Technologies which capture, analyse and compare biometric data are increasingly being used by police, public authorities and companies, but a lack of regulation of these technologies has led to public protest, legal challenge and repeated calls for action from the House of Commons Science and Technology Committee.
The independent review will assess the gaps in the existing regulatory framework and make recommendations for reform that will ensure biometric data, such as facial characteristics, fingerprints, iris prints and DNA, is governed consistently with human rights, the public interest and public trust.
Matthew Ryder is a senior QC at Matrix Chambers and former Deputy Mayor of London for Social Integration, Social Mobility and Community Engagement. In undertaking the review, Matthew will draw on guidance and advice from an independent advisory group of specialists in law, ethics, technology, criminology, genetics and data protection.
The review will include research, consideration of expert testimony, and a call for evidence. Two public evidence sessions will be held in spring 2020, and will run alongside the Citizens’ Biometric Council, which is deliberating on the ethical and social issues connected to the use of biometrics technologies. The review will also consider what lessons can be learned from the Scottish Parliament’s consultation on enhanced oversight of biometric data and the resulting Scottish Biometrics Commissioner Bill.
Full terms of reference for the review have been published today, and its final report and recommendations will be published in October 2020.
Carly Kind, Director of the Ada Lovelace Institute said:
The regulatory and policy framework for governing the use of biometric data has been outpaced by advances in the technologies that enable such data to be used, whether by private companies or public bodies. Reform is both necessary and urgent, and needs to be informed by independent, impartial and evidence-led analysis.
Matthew’s extensive legal experience in technology, human rights and national security make him ideally placed to lead this independent review, which we hope will result in recommendations for ensuring that biometric data is governed consistently with human rights, the public interest and public trust.
Matthew Ryder QC said:
This is a really important initiative, in an incredibly contested area of law. Understanding data rights is becoming essential for lawyers, and I look forward to the challenge of bringing greater scrutiny and clarity to a complex ecosystem of benefits and harms.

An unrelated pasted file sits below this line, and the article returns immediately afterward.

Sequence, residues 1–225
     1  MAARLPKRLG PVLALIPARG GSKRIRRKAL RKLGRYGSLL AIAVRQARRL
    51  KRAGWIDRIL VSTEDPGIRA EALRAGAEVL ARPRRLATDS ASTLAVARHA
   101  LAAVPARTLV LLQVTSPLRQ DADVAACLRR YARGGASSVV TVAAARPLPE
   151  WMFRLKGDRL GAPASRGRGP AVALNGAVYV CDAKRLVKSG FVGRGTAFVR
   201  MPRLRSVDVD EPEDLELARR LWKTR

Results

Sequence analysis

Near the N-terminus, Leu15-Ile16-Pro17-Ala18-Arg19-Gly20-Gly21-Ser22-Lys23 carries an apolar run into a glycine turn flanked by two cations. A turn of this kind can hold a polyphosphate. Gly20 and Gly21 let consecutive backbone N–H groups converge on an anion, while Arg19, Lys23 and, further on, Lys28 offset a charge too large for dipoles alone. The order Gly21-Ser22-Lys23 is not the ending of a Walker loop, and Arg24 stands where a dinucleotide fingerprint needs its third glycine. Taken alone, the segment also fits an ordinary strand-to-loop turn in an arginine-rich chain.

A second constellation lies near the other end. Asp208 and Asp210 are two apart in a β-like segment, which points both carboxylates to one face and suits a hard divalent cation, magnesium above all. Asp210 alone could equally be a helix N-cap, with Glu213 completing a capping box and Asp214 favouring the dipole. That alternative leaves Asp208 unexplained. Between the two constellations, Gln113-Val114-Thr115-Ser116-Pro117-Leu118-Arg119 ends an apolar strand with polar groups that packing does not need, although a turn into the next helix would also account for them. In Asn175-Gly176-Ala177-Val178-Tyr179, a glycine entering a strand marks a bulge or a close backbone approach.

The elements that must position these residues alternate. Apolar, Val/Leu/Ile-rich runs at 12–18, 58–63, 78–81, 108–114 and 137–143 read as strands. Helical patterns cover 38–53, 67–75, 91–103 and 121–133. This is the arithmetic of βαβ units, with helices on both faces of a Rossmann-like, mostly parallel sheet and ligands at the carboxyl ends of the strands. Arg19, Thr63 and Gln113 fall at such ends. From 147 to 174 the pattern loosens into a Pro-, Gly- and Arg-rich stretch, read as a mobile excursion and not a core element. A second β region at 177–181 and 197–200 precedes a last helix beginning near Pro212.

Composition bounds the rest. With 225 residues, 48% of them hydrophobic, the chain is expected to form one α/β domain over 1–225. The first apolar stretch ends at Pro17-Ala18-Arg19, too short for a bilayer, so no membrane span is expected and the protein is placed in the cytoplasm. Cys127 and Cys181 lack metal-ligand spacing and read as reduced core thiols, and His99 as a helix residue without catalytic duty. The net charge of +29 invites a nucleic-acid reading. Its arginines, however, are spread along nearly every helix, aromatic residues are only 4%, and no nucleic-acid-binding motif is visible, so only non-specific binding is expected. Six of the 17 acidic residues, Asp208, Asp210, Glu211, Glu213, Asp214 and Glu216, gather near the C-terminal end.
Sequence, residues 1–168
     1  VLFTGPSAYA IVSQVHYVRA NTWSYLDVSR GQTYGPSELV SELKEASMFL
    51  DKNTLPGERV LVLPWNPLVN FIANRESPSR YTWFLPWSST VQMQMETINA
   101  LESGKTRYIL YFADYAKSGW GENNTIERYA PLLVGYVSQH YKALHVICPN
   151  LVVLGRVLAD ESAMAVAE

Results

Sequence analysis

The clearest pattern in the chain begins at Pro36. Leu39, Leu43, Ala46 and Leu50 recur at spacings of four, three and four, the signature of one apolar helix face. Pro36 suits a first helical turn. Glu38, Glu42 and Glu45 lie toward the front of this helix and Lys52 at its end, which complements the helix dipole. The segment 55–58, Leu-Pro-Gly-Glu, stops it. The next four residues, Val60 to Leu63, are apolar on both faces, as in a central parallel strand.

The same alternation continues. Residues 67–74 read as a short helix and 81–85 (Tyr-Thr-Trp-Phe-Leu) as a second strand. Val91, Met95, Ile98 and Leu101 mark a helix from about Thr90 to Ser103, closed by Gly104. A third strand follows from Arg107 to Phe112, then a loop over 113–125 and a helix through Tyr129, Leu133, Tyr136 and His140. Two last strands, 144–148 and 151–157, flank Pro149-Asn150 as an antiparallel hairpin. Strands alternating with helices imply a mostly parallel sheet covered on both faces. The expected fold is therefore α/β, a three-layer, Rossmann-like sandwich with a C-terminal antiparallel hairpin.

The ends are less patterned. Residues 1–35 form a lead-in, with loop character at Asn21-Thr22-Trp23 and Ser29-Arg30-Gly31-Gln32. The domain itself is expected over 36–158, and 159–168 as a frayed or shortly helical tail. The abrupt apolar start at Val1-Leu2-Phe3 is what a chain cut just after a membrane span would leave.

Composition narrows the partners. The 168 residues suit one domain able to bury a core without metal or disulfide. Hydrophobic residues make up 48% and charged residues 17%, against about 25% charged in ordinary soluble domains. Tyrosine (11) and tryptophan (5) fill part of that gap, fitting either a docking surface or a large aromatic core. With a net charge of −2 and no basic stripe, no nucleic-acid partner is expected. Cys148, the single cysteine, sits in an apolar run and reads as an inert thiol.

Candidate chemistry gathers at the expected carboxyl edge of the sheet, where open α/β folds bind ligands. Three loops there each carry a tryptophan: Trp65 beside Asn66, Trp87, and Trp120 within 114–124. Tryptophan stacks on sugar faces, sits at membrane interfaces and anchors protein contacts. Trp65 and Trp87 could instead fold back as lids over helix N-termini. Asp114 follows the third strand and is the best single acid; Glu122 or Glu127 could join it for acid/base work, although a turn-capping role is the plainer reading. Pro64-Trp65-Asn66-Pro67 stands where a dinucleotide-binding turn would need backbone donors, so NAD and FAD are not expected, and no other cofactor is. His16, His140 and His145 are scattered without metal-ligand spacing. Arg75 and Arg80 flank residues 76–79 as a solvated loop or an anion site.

Advisory Group members
- Anneke Lucassen – Professor of Clinical Genetics, Faculty of Medicine, University of Southampton
- Lillian Edwards – Chair of Law, Innovation and Society, Newcastle Law School
- Marion Oswald – School of Law, Northumbria University
- Edgar Whitley – Associate Professor of Information Management, LSE
- Pamela Ugwudike – Associate Professor of Criminology, University of Southampton
- Renate Samson – Open Data Institute
- Matthew Rice – Open Rights Group, Scotland Director
About the Ada Lovelace Institute
The Ada Lovelace Institute (Ada) is an independent think tank and research institute with a mission to ensure data and AI work for people and society. In 2019, Ada published the first national survey of public opinion on the use of facial recognition technology which revealed the majority of people in the UK want companies, the government, and public bodies to limit use of the technology including by the police and in schools. Ada is leading public consultation on biometrics through its Citizens’ Biometric Council, which is supported by the Information Commissioner’s Office. Ada will provide financial and administrative support for the independent review of the governance of biometric data.
Alongside the independent review, the Ada Lovelace Institute will run the UK’s first Citizens Biometrics Council. Sixty members of the public will engage in an in-depth deliberative process across several months, tasked to articulate what an informed public’s expectations, conditions for trustworthiness and red-lines are, when it comes to the use of biometric data. A series of Community Voices workshops will feed into the Council, drawing on qualitative research with groups identified as having distinct concerns about these technologies: BAME, LGBTQ+ and people who are disabled or neurodiverse. The Citizens Biometric Council will report in the second half of 2020.
An independent legal review of the governance of biometric data, commissioned by the Ada Lovelace Institute and led by Matthew Ryder KC.
The appeal of R (Bridges) v Chief Constable of South Wales shows that, when it comes to facial recognition technology, the status quo cannot continue.
To mark the beginning of an independent review on the governance of biometric data, Ada hosted a debate on UK biometrics regulation